TOJacket
TOJacket

Thanks for the memories.

LOGS1973
LOGS1973

No wonder he is stepping down! The Braves are headed for

another 100 game plus loses this year. They have no bats

and little pitching... I wish Freddie had gone out first!

jdcigar
jdcigar

I'd give Cox the GM most of the credit for that run.  Most of the great players were already in the system by the time JS showed up.  He certainly deserves a lot of credit for some good moves early but he also made many blunders along the way.  Let's not forget that the team Wren assembled was still under JS' watch.

Archangel
Archangel

@jdcigar So you take credit away from JS because of Cox the GM, and then blame JS because of Wren the GM?

DrTruth
DrTruth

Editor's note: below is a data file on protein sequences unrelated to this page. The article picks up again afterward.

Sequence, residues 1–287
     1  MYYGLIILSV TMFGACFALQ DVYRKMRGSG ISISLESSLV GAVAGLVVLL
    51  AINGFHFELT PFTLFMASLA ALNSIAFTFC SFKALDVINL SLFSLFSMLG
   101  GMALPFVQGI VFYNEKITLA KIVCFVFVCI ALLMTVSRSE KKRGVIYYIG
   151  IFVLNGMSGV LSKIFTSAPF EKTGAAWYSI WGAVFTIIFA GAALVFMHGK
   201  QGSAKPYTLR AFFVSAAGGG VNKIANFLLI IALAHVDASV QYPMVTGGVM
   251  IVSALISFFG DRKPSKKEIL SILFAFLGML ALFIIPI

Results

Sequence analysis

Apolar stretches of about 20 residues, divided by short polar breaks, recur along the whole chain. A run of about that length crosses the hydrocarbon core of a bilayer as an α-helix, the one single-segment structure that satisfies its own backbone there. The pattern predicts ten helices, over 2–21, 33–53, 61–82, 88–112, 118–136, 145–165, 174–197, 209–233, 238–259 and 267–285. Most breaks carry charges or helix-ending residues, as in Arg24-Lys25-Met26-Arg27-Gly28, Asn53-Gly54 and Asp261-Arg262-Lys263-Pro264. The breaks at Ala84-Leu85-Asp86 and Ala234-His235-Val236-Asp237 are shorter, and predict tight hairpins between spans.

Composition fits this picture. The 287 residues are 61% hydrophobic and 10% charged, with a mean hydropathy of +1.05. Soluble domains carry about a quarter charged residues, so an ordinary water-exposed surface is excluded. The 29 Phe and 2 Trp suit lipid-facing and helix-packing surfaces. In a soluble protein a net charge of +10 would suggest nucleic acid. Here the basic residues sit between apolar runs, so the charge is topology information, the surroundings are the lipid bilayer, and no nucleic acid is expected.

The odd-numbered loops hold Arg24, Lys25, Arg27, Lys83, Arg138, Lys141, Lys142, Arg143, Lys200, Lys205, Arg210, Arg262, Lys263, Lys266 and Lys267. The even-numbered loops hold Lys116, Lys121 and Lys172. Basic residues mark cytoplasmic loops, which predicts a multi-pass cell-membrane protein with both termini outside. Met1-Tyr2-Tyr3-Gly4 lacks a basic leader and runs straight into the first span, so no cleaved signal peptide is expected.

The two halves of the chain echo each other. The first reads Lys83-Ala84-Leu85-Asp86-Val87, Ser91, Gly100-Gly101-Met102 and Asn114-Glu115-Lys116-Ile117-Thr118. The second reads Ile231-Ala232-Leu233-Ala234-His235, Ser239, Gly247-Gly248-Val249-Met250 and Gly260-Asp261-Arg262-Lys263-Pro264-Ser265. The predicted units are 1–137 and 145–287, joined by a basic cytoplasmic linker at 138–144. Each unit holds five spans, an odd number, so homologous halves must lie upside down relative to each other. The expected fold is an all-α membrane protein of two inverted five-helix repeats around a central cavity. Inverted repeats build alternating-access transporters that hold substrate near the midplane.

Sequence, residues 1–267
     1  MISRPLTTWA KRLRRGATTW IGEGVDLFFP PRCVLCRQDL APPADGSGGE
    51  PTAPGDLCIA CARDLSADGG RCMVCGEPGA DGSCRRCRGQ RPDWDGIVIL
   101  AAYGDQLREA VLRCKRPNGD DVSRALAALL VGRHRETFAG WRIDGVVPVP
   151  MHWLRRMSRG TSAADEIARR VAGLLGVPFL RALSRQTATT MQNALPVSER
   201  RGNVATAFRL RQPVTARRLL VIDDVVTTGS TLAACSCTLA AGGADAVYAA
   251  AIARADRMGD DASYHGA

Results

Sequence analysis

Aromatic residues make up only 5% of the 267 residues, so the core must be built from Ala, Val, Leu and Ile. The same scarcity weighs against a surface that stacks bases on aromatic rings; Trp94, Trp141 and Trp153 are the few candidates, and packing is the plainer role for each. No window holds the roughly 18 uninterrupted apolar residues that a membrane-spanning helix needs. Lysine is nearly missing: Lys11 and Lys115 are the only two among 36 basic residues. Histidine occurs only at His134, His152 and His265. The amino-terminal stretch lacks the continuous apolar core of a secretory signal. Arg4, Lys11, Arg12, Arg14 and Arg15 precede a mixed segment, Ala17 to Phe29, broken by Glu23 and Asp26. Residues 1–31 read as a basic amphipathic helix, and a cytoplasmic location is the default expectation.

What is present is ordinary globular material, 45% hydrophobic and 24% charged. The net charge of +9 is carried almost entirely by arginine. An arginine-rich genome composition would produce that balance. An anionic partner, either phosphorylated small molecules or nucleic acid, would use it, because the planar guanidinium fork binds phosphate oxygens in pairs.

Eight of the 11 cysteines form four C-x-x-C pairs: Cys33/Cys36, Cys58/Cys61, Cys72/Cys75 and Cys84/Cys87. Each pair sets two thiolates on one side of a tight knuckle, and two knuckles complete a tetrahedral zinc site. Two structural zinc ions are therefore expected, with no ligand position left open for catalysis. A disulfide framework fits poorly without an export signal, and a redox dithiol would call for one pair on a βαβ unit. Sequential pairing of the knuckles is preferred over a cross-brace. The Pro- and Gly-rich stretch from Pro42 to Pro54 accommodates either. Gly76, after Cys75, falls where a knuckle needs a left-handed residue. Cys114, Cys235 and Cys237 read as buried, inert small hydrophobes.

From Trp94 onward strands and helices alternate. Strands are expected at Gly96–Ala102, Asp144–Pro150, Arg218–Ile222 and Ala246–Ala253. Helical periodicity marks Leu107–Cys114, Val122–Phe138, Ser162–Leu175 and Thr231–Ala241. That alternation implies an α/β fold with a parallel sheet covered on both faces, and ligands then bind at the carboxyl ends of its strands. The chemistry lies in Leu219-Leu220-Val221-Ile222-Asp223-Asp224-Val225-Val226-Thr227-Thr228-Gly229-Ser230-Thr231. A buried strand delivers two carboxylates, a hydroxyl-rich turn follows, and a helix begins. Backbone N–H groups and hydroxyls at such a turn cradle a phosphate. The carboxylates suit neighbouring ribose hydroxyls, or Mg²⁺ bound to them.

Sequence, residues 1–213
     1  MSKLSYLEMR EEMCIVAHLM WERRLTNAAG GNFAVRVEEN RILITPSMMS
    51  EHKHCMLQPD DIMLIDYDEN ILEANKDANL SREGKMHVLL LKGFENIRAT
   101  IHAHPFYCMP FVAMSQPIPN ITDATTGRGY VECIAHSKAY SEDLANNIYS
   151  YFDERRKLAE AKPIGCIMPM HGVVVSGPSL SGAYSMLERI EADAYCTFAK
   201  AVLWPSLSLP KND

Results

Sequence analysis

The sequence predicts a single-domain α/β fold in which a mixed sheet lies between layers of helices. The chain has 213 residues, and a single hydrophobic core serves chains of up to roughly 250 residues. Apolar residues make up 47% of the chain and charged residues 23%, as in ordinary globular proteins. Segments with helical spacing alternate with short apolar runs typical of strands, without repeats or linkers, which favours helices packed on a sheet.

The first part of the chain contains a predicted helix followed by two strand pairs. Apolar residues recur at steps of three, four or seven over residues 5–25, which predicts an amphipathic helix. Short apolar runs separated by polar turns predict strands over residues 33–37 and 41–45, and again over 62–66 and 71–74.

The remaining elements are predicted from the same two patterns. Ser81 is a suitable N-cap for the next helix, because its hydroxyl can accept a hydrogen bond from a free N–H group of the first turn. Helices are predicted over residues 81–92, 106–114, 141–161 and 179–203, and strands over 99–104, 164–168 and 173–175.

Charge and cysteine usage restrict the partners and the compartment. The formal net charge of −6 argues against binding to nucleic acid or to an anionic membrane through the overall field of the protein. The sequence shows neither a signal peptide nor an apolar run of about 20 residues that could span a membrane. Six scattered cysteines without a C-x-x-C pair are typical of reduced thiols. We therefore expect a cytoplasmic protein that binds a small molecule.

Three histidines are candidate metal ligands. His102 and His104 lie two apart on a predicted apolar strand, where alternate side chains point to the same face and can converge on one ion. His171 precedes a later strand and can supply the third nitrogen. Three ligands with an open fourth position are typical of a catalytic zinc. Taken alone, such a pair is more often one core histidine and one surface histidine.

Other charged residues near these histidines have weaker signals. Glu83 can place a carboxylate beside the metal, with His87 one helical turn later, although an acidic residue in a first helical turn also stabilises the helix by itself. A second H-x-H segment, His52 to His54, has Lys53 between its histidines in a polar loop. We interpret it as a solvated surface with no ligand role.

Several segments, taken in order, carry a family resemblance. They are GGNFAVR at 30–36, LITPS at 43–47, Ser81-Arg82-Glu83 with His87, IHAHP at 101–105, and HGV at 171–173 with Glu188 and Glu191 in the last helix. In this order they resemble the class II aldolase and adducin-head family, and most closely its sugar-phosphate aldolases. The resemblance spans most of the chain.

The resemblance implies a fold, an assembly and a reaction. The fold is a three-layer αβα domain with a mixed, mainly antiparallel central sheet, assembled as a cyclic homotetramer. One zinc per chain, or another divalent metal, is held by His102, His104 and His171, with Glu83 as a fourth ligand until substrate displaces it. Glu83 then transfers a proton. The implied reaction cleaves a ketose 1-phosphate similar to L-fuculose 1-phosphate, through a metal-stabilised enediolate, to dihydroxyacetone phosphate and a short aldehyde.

No doubt 14 division titles is historic....But too bad he didn't leave at the top 10 years ago, and take Booby Cox with him.

UWreckMeBaby
UWreckMeBaby

Ted Turner's money was part of the formula that you failed to acknowledge. Cox and Schuerholz put it to good use, no doubt. It takes resources and good management, plus some good fortune.

Archangel
Archangel

@UWreckMeBaby Well Liberty Media has more money than Ted did, so maybe that's why management is the focus here.

dawgonit
dawgonit

Will always remember this quote from the press conference when he arrived in Atlanta..."The Braves have spent all the time they are going to spend in last place"

CarrollSterne
CarrollSterne

I agree with all you say, but he and McGuirk sat by and watched our team disintegrate.